Every autumn, universities up and down the country open their doors to new students excited by the thought of independent living. The first challenge is that of settling in – the second, for many, will be surviving Freshers’ week. This can be a time of great fun, traditionally including partying, drinking and late nights. It can also, however, be a time of great risk, with young people left drunk, sick, or exhausted after long nights out on the town, at their most vulnerable and often a long way from home. Usually a sympathetic friend steps forward to sit with them or call a taxi, and after a while the effects wear off. But sometimes the situation becomes serious and young people can find themselves out of their depth. So what can be done to ensure that the fun stays harmless and that students stay safe?
Aside from the freebies and booze, Freshers’ Week is not just about meeting new people and discovering a new city – it can be a great opportunity to learn new skills. As the standard university programme includes workshops on finance and consent, why not a session in basic first aid? Something as simple as opening the airway of an unconscious person can save their life. Applying pressure to a wound can stem major bleeding and buy precious time. First aid is such a simple skill, but it has an incredible impact – even just the confidence that comes with knowing what to do can make a difficult situation more manageable. As a fresher myself I remember one of my peers cutting themselves on a sharp knife in the kitchen whilst making dinner. Luckily, as a member of St John Ambulance, I knew what to do and could provide effective treatment whilst reassuring them and those around them. This only goes to prove that accidents can happen anywhere, at any time, and affect anyone. Learning first aid makes the world a safer place for us all.
Freshers have workshops on finance and consent – why not a session in basic first aid?
By providing workshops in Freshers’ weeks and bringing first aid into schools just think how many people could be reached, how many lives could be changed and saved. This is why on Sunday 4th October I attended the annual Conservative party conference in Birmingham on behalf of St John Ambulance, lobbying ministers to support an education in first aid for all. Whilst some MPs, notably Neil Carmichael and Edward Timpson, lent their support to the cause, the audience at our panel event was comparatively small, with the majority of members already involved with first aid in some way. This suggested a general reluctance on behalf of the government to commit to providing such an education. Last year, delegates to the British Youth Council from its member organisations voted to make SJA’s motion on education in first aid one of the council’s top five priorities for the period 2015-2020, and have accordingly been lobbying ever since. However, the subsequent lukewarm enthusiasm of the current government is doubly concerning to young people– not only are we being denied access to skills which can saves lives, but this attitude raises doubts as to how seriously the establishment is listening to our voice. We aren’t asking for the government to dictate to universities and schools, or for a radical reform of the education system. We are asking for our country to invest in us and our futures and to listen to our voice.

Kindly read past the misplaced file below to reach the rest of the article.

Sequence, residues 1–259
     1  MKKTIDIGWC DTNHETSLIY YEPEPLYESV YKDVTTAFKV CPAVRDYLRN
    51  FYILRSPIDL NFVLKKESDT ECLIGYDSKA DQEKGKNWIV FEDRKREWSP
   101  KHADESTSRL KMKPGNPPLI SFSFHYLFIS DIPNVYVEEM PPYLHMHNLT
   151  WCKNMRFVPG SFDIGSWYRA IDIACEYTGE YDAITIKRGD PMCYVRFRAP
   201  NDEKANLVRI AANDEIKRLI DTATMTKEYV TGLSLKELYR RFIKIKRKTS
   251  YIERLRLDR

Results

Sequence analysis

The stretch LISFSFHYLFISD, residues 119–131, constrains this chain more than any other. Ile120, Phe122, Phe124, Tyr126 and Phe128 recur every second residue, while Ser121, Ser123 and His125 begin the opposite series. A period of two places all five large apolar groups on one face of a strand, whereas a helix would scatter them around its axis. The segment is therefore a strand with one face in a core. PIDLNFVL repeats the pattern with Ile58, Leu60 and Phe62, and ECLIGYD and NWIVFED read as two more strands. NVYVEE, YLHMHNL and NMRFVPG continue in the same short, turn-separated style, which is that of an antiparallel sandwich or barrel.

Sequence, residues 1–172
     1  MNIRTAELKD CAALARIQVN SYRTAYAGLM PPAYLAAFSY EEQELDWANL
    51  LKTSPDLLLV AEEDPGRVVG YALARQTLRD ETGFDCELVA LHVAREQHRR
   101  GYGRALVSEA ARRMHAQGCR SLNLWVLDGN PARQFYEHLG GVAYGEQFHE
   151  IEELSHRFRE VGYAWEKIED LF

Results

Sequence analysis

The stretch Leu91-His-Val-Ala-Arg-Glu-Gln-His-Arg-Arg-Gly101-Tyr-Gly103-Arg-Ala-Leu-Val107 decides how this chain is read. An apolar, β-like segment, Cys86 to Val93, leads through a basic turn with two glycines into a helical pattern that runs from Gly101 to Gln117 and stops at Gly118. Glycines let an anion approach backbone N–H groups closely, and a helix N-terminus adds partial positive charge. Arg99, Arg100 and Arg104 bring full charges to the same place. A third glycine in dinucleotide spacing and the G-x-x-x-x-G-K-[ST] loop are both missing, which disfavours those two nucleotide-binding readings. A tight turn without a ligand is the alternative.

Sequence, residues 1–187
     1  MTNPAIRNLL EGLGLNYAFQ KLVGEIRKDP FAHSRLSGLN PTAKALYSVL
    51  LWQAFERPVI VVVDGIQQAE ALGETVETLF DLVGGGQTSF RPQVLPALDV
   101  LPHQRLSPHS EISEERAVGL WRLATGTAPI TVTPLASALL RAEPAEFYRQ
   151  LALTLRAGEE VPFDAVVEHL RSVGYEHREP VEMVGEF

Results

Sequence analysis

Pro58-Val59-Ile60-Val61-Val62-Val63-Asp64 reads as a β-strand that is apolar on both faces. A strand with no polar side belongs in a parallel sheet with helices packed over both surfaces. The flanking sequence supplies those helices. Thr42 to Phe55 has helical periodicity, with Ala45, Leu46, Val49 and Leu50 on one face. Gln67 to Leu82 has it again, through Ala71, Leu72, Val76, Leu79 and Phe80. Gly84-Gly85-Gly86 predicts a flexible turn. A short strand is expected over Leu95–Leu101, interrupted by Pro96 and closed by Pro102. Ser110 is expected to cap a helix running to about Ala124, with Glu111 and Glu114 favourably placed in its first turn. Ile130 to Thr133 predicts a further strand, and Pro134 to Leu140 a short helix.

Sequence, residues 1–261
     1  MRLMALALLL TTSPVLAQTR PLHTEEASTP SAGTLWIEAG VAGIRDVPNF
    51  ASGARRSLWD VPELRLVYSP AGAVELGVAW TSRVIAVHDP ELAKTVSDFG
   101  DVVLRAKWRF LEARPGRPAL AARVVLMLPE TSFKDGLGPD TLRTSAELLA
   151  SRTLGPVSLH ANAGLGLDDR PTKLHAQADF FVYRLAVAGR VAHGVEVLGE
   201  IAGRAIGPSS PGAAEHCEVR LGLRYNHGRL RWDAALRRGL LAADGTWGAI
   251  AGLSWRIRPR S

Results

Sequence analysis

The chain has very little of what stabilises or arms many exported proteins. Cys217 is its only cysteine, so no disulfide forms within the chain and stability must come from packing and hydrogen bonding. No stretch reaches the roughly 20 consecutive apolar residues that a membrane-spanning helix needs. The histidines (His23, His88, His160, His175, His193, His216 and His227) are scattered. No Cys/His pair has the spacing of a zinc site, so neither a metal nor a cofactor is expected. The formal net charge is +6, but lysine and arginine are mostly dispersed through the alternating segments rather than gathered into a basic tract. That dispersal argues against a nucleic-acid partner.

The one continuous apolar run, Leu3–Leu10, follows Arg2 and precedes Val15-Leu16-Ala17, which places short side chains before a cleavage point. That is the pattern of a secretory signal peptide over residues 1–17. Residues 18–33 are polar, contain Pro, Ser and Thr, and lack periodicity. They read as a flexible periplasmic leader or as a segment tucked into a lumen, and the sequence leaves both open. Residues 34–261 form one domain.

If learning first aid instils confidence and helps others then who loses? Currently only one in ten people has the skills necessary to save a life, and so too many people die each year in situations where first aid could have helped save their lives. This could be changed through a short workshop, an hour watching the Big First Aid lesson, or weekly lessons in schools. So what will it take for the government to commit to providing an education in first aid for all and protect the people it represents? What is the price to pay for a life?